Bertie's pal knew about bribes, claims Dunlop
The planning tribunal has heard that a close associate of Bertie Ahern told Frank Dunlop in 1993 he was aware councillors could be bribed for rezoning votes. By Frank Connolly
A close associate of the Taoiseach, Bertie Ahern, told lobbyist Frank Dunlop in January 1993 that he was aware members of Dublin County Council had to be paid for rezoning votes, the Mahon tribunal heard on Tuesday 24 October.
Frank Dunlop told the tribunal that Tim Collins, a land agent, was aware that councillors had to be paid for their votes. This emerged during the present enquiries of the Planning tribunal into allegations of corrupt payments in connection with the rezoning of lands at Cloghran, near Dublin Airport.
According to Frank Dunlop, he was introduced to businessman John Butler by Tim Collins at a meeting in Dublin in January 1993 to discuss the planned rezoning of the 18 acres of land at Cloghran from agricultural to industrial use.
John Butler, the owner of Scafform, Niall Kenny of Customs Software Ltd and Tom Williams, a partner of both men in the Courtyard restaurant in Donnybrook, had purchased the lands for £210,000, or £12,000 an acre, three years earlier.
The tribunal heard that, while the three businessmen, described as the Cloghran consortium, were anxious to conceal their involvement in the lands, they were seeking to have them rezoned during the discussions on the County Development Plan by Dublin Coroporation during the early 1990s.
Tim Collins is a member of the trust that owns Bertie Ahern's constituency office at St Luke's in Drumcondra. He introduced John Butler to Frank Dunlop to discuss the lobbying of members of the corporation.
During her examination of the lobbyist (on 24 October) Patricia Dillon SC read a statement given by Frank Dunlop to the tribunal on 21 October last: "Both he [John Butler] and Mr Collins said that they were aware that councillors had to be lobbied for their support. It was indicated by both men that they were aware that some councillors would require payment for their support."
"Isn't that right?" Patricia Dillon asked. "Yes," Frank Dunlop replied.
Frank Dunlop said Tim Collins was aware councillors would have to be paid.
"I know that you will have to do things with the councillors," Tim Collins told Frank Dunlop.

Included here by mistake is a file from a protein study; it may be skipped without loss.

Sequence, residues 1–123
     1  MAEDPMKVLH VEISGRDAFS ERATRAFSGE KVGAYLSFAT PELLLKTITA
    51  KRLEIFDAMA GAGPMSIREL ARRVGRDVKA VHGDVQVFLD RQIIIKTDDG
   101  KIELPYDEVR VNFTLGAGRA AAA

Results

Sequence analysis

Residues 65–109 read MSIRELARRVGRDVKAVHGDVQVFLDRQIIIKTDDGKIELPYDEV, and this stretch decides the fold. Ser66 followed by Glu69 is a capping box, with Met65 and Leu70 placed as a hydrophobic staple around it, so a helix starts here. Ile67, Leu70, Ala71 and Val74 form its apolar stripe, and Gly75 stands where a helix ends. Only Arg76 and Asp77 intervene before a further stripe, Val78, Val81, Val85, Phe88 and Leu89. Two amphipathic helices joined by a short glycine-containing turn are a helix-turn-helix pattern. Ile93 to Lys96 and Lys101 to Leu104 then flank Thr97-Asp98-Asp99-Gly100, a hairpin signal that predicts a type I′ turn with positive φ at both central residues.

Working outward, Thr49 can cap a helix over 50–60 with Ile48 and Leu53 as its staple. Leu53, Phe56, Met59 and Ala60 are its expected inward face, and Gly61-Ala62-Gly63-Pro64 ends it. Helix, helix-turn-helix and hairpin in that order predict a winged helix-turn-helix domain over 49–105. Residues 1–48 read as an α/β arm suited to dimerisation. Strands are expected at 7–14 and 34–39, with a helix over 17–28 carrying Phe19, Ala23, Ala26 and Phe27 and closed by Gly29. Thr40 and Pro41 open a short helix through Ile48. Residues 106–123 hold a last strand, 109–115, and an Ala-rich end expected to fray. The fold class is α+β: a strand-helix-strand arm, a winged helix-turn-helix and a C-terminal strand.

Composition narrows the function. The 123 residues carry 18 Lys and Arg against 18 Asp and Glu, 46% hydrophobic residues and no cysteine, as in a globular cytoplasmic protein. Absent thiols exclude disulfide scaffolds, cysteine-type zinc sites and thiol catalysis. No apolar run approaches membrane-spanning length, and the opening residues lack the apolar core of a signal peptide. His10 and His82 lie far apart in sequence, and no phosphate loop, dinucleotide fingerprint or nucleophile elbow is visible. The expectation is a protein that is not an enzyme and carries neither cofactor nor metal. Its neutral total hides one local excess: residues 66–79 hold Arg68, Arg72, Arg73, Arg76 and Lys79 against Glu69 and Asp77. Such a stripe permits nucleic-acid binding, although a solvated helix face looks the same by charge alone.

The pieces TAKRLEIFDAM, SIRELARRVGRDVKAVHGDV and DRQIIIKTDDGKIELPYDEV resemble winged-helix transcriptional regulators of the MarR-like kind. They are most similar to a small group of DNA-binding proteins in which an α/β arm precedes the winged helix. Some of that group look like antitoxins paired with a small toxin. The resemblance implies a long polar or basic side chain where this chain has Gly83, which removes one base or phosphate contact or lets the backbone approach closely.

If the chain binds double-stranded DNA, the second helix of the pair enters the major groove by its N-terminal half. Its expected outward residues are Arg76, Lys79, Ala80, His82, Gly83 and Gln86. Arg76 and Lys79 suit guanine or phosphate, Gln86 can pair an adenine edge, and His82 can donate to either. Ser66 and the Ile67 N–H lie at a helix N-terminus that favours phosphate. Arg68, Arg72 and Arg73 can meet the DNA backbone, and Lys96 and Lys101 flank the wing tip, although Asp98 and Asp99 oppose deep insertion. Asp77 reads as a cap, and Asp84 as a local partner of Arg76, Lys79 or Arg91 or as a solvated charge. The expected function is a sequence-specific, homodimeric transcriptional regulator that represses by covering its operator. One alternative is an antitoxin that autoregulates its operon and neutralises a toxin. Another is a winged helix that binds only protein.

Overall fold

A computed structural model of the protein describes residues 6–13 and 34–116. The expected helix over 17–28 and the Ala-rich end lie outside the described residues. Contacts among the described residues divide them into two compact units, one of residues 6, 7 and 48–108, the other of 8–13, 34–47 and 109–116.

Asked if Tim Collins stated explicitly that he knew Frank Dunlop would be paying councillors, the lobbyist replied: "We were three grown-up men sitting and talking about the development of land for rezoning purposes. We were not talking about bringing councillors out to lunch."
The tribunal heard that a number of councillors, including GV Wright TD, Sean Gilbride, the late Cyril Gallagher and Tony Fox, were paid sums ranging from £1,000- £2,000 each by Frank Dunlop in relation to the Cloghran rezoning.
The land was successfully rezoned in late 1993 and later sold on by the Cloghran consortium in March 1996 for £1.6m or £89,000 per acre.
The tribunal said Frank Dunlop had received £68,979 in various payments from the consortium between 1993 and 1996, although the lobbyist had orginally said he received just over £24,000 including VAT.
Collins Consultancy Services, a company owned by Tim Collins, received £29,613 while another company, Pilgrim Architects, in which he was involved with Des Richardson – another long time associate of Bertie Ahern – received £19,700 in relation to the Cloghran rezoning. One of the Cloghran consortium, John Butler, has contributed to fundraisers organised by Des Richardson for Bertie Ahern.
Tim Collins has previously given evidence to the tribunal in relation to his involvement in the controversial sale of land at the site of the Battle of the Boyne in Co Louth from which he received an estimated £600,000.
In 1999, Bertie Ahern told the Dáil that Tim Collins was present on one of the occasions when he met property developer, Tom Gilmartin, at his then constituency offices over Fagan's pub in Drumcondra in 1988.
Tim Collins was also among those who attended functions with Bertie Ahern in Manchester in the late 1980s and early 1990s.
Tim Collins is expected to dispute Frank Dunlop's latest claims at the tribunal and deny that he was aware of, or involved in, corrupt payments to members of Dublin Corporation.